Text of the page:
Leon MacLaren - The Pinstripe Guru

Discussion of the SES, particularly in the UK.

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Re: Leon MacLaren - The Pinstripe Guru

Postby StVSurvivor » Tue Dec 14, 2004 6:41 am

And lifted from the same site: http://www.esatclear.ie/~dialogueireland/sp1.htm


The School of Economic Science, also known as the School of Philosophy, runs courses in philosophy and economics. The ads do not state that the philosophy in question is vedanta, and that what one is being invited to embrace is in reality not academic learning but initiation into a tightly-knit religious group and a form of meditation which uses the name of the Hindu god Ram as its mantra.
The School was founded in the 1930s by Andrew McLaren (1883 - 1975), a British left-wing politician. It was only when his son Leon (b. 1911) took control of the School in 1947 that its focus shifted from economics to philosophy and religion. Here, the earlier and still potent influences are the esoteric teachings of George Gurdjieff (1877 - 1949) and Pyotr Ouspensky (1878 - 1948). Equally significant however, are Leon McLaren's regular meetings in India since the early 1960s with the Shankaracharya of Jyotirmath in the Himalayas, one of four official inheritors of the Vedantic teaching of Shankara. The School has followed the teaching of this guru's successor ever since. This Indian connection has an interesting background.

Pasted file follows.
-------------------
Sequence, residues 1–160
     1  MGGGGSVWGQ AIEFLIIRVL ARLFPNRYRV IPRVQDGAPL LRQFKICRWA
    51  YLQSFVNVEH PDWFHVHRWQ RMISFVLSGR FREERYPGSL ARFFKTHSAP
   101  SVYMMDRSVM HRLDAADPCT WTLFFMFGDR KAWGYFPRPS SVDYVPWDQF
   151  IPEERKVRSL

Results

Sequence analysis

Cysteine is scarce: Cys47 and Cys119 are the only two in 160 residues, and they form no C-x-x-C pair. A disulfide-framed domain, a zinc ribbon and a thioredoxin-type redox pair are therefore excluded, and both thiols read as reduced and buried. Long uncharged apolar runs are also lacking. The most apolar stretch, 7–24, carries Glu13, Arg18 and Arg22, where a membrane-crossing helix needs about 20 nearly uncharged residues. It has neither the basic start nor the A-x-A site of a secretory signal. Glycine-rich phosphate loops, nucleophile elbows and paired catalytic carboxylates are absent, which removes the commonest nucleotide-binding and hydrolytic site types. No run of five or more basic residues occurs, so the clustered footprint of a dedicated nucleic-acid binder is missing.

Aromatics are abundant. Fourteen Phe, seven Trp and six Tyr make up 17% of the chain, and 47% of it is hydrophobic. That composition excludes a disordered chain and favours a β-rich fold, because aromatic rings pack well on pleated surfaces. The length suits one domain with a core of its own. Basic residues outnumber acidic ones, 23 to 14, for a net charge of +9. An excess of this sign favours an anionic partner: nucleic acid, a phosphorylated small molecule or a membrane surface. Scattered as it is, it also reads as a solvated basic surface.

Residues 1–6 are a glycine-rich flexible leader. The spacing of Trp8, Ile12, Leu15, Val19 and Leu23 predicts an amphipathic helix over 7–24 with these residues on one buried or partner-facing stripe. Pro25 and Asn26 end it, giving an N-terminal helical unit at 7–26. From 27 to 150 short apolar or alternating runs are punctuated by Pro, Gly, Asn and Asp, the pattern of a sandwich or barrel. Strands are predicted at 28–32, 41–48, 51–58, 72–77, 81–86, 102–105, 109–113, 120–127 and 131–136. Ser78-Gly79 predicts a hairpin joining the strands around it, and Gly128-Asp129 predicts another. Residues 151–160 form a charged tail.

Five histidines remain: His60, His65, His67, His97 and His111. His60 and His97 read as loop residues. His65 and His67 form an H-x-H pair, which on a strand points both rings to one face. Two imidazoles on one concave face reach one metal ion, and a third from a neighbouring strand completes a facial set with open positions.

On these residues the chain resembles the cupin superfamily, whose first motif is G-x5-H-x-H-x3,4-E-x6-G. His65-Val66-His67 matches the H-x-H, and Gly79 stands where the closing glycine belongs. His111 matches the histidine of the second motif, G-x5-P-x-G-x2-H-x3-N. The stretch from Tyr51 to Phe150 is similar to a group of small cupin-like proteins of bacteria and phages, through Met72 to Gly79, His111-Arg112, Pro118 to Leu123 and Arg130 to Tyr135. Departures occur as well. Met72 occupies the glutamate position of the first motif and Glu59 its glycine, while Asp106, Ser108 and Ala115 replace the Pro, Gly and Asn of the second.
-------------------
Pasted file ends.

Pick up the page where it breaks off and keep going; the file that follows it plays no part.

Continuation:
McLaren had worked closely with Maharishi Mahesh Yogi in the early 1960s and in fact at one time encouraged members of the School to be initiated into TM. It was the Maharishi who introduced McLaren' to the Shankaracharya - Swami Brahmananda Saraswati, who was the Maharishi's own guru. Although McLaren and the Maharishi fell out later in the 60s, an initiation ritual and meditation as practised by the School today remain remarkably similar to TM, the main subject of this chapter.

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Postby sescaped » Tue Dec 14, 2004 11:12 pm

Thanks for linking to the Pinstripe Guru site - found it fascinating and disturbing reading which brought back a lot of things for me. Makes me wonder are we who grew up in ses victims of our parents inability to cope with the modern world?

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Postby Alban » Tue Dec 14, 2004 11:52 pm

Yes indeed, that is a very acurate description of the SES, although it appears that since Big Mac died things have calmed down a tad.

I would say that it is an essential read for any of those current or prospective parents who weren't aware of the SES and it's links with St James.

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Postby Goblinboy » Wed Dec 15, 2004 12:25 am

sescaped wrote:Makes me wonder are we who grew up in ses victims of our parents inability to cope with the modern world?

Are you a victim of your parents' inadequacies? Depends - you can take the misanthropic view (in the often quoted words of Phillip Larkin):

They f*** you up, your mum and dad.
They may not mean to, but they do.
They fill you with the faults they had
And add some extra, just for you.